Oracle patches serious Java flaw

Oracle has patched a major flaw in Java that had security experts warning users to delete it from their computers.

Oracle patches serious Java flaw

On Sunday, researchers at FireEye reported they had uncovered a serious hole in Java, with senior staff scientist Atif Mushtaq telling PC Pro that it “is a very serious issue and it needs to be addressed as soon as possible”.

While issuing a patch a few days after it being discovered may seem quick action, it was enough time for the exploit to be worked into a major malware toolkit. Plus, another research firm, Security Explorations, said it reported the vulnerability to Oracle months ago – with no response.

Find out more

FireEye reveals how it discovered the Java flaw

Oracle did not acknowledge the problem until late last night, but did reference the security reports as it rolled out an out-of-cycle upgrade to Java, ranking three of the four flaws it addressed as top-level threats.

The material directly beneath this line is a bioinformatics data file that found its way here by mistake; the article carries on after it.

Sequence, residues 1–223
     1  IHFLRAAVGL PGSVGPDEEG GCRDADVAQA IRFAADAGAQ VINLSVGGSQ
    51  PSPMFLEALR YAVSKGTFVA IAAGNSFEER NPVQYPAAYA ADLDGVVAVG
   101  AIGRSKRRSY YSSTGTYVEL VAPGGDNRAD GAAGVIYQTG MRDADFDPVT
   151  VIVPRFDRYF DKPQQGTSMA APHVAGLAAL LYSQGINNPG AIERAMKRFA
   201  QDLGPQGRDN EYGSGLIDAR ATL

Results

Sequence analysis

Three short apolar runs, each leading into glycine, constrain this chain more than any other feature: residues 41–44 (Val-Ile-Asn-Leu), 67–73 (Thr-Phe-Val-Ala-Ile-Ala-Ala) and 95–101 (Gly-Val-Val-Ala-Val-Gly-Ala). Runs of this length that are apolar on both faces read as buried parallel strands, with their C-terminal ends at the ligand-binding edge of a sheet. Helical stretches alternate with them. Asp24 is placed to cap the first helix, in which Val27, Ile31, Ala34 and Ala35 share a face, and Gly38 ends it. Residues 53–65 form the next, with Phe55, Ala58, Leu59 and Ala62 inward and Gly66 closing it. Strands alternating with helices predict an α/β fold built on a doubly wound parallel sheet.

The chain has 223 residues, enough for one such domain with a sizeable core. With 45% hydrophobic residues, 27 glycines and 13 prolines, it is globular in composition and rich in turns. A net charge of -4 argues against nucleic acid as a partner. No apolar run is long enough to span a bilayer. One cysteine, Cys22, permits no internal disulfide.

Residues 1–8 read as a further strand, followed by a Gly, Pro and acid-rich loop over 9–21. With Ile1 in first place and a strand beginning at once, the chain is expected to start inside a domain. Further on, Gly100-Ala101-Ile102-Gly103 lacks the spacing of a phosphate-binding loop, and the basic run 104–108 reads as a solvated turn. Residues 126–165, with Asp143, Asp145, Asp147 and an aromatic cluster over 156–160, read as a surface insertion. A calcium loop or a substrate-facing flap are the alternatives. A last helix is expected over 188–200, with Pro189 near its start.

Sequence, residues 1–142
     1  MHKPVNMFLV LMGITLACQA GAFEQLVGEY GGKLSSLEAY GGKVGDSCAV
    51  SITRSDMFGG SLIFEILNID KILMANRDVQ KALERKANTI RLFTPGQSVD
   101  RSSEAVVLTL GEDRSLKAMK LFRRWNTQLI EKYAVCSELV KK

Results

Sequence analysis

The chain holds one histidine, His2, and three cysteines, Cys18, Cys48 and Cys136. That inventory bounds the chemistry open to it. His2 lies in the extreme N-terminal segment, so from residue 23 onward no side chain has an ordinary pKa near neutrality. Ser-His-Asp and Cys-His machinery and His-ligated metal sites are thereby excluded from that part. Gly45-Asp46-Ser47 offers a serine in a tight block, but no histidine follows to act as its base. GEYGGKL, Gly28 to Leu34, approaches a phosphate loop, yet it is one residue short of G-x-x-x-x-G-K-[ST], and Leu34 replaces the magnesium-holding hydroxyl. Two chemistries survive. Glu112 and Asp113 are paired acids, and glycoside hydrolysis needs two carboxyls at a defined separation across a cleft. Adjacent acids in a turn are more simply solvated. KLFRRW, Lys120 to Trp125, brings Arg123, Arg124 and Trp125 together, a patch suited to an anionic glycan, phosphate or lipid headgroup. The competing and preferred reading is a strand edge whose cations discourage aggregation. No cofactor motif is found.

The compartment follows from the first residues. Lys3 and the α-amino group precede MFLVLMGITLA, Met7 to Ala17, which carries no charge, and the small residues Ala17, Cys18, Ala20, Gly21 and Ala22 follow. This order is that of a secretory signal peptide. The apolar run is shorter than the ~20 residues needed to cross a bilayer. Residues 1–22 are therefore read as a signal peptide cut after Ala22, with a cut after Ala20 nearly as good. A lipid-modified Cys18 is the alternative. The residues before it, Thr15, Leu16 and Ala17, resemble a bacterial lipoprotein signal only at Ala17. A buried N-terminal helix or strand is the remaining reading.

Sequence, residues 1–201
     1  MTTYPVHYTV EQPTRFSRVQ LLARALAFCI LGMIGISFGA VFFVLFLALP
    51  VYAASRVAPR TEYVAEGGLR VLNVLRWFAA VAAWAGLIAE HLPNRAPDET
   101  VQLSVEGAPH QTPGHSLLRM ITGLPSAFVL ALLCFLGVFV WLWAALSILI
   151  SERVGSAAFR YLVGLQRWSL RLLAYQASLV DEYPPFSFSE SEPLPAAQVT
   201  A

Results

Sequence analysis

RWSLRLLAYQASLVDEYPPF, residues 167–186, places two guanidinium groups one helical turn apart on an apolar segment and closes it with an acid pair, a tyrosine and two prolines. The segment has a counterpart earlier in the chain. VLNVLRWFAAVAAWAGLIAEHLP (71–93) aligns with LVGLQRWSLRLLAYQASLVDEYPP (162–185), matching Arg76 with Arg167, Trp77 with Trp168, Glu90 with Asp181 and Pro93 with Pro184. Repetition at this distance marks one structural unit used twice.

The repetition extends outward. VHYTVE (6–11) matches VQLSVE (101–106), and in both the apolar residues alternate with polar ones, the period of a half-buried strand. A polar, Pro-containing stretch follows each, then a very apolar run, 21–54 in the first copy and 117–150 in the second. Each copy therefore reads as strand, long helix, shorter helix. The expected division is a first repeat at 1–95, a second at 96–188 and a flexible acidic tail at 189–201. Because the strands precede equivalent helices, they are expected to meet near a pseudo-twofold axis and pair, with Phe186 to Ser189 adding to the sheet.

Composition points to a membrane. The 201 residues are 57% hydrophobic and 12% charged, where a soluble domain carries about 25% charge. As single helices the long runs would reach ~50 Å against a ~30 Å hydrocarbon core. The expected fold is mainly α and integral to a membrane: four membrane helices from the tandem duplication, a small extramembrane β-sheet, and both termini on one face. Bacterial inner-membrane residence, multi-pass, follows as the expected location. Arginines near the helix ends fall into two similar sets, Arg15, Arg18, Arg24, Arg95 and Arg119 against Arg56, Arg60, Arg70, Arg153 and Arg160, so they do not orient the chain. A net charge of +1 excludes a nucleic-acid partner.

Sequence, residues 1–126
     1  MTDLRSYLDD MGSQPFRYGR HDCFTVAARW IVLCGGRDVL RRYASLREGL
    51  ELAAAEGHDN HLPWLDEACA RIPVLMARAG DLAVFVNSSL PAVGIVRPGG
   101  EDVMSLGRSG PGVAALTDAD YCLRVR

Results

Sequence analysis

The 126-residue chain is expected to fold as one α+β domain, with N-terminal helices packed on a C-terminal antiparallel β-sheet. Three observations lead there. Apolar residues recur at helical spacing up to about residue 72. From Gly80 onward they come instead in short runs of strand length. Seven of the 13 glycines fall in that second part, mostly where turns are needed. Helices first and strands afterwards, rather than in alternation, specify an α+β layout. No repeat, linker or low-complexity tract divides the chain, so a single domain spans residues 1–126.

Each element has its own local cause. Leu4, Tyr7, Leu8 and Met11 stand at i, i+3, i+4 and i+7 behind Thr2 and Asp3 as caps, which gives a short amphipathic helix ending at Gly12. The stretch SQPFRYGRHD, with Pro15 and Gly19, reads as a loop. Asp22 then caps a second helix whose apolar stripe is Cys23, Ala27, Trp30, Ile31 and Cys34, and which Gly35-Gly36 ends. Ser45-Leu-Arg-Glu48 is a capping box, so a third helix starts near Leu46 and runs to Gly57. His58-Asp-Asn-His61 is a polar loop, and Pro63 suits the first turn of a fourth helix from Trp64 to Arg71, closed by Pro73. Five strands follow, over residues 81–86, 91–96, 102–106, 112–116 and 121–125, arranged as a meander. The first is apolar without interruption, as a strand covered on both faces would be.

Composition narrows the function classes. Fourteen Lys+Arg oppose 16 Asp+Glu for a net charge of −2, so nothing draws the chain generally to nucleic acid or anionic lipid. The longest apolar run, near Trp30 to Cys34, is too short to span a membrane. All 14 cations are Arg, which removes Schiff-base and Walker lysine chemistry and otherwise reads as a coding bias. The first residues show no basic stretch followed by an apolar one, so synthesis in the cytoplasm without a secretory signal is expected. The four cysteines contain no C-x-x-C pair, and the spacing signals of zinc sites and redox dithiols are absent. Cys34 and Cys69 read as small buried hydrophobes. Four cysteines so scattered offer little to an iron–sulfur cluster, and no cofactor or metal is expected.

“Due to the high severity of these vulnerabilities, Oracle recommends that customers apply this Security Alert as soon as possible,” software security assurance director Eric Maurice said in a Oracle blog post. “Furthermore, note that the technical details of these vulnerabilities are widely available on the internet and Oracle has received external reports that these vulnerabilities are being actively exploited in the wild.”

Chester Wisniewski, senior security advisor at Sophos, noted that the update also included patches for previously unknown flaws, suggesting those vulnerabilities may also already be in use by hackers.

“The good news is customers who require Java in their environments can now deploy an official fix and proceed with less risk,” he added in a blog post. “The bad news is one of the fixes they shipped out affects Java 6, so everyone needs to patch, not just those who were running Java 7.”

He added that it’s still a wise move to delete Java from your machine, if you don’t actually use it. “If you can get by without it, you should,” Wisniewski said. “That is true for any application that interfaces with the internet. Fewer programs means fewer vulnerabilities.”

The Java update can be downloaded here.

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